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Monday, January 30, 2006


Our Right to Security - Al Qaeda, not the FBI, is the greater threat to America.
A mere four-and-a-half years after victims were forced to choose between being burned alive and jumping from 90 stories, it is frankly shocking that there is anyone in Washington who would politicize the Patriot Act. It is an insult to those who died to tell the American people that the organization posing the greatest threat to their liberty is not al Qaeda but the FBI. Hearing any member of Congress actually crow about "killing" or "playing chicken" with this critical legislation is as disturbing today as it would have been when Ground Zero was still smoldering. Today we know in far greater detail what not having it cost us.

Critics contend that the Patriot Act was rushed into law in a moment of panic. The truth is, the policies and guidelines it corrected had a long, troubled history and everybody who had to deal with them knew it. The "wall" was a tortuous set of rules promulgated by Justice Department lawyers in 1995 and imagined into law by the Foreign Intelligence Surveillance Act (FISA) court. Conceived as an added protection for civil liberties provisions already built into the statute, it was the wall and its real-world ramifications that hardened the failure-to-share culture between agencies, allowing early information about 9/11 hijackers Khalid al-Mihdhar and Nawaf al-Hazmi to fall through the cracks. More perversely, even after the significance of these terrorists and their presence in the country was known by the FBI's intelligence division, the wall prevented it from talking to its own criminal division in order to hunt them down.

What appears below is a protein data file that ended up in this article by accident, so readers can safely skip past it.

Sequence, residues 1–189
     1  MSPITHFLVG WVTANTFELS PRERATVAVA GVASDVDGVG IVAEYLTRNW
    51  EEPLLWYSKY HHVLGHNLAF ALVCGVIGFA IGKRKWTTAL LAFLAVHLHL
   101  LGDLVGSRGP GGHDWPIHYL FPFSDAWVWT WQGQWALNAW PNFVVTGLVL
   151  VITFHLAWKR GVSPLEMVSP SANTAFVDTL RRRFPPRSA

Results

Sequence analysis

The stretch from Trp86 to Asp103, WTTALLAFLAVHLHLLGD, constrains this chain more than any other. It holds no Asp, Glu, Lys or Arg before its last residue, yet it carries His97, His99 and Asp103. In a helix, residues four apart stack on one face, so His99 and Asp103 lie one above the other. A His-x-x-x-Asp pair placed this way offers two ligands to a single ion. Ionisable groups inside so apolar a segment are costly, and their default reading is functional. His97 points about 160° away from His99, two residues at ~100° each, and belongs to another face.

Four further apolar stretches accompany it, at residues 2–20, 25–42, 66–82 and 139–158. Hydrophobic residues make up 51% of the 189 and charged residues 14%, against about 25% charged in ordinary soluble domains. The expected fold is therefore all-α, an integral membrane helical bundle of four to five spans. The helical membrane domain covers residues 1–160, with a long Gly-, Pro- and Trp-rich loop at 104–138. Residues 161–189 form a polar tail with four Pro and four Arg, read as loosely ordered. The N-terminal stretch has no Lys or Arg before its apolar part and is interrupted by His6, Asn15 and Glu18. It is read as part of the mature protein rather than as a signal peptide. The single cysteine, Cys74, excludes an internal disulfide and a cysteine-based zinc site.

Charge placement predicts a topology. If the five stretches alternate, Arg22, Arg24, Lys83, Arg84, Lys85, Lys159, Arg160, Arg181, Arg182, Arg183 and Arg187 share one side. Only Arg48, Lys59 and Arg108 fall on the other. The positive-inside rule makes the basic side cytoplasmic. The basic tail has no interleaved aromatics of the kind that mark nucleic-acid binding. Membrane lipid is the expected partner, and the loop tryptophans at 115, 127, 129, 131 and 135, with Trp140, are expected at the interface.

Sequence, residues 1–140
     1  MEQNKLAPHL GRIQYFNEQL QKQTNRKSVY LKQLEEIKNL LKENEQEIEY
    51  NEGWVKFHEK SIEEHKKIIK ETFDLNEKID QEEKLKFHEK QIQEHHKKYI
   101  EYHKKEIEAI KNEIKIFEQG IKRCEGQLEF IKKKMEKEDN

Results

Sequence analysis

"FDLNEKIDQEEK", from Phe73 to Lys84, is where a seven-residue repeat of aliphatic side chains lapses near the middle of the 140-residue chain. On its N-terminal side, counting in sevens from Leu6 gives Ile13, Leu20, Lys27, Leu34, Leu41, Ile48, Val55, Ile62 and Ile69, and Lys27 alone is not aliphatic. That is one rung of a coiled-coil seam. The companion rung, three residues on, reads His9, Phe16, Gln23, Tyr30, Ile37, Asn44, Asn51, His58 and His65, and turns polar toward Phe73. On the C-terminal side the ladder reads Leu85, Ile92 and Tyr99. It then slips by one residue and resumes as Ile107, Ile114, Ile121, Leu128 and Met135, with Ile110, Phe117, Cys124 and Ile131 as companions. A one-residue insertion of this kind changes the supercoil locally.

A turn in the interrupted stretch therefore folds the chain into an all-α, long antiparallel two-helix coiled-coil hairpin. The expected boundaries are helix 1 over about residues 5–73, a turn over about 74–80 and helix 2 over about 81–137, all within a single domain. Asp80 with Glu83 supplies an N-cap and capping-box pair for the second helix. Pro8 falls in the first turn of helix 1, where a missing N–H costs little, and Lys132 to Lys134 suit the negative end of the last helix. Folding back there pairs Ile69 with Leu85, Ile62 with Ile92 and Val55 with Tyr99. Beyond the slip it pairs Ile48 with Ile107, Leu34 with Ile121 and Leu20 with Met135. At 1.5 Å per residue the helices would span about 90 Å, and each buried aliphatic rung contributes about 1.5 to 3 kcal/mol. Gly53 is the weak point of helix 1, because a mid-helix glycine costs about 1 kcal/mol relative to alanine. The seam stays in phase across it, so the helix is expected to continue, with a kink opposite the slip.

Furthermore, it was the impenetrable FISA guidelines and fear of provoking the FISA court's wrath if they were transgressed that discouraged risk-averse FBI supervisors from applying for a FISA search warrant in the Zacarias Moussaoui case. The search, finally conducted on the afternoon of 9/11, produced names and phone numbers of people in the thick of the 9/11 plot, so many fertile clues that investigators believe that at least one airplane, if not all four, could have been saved.

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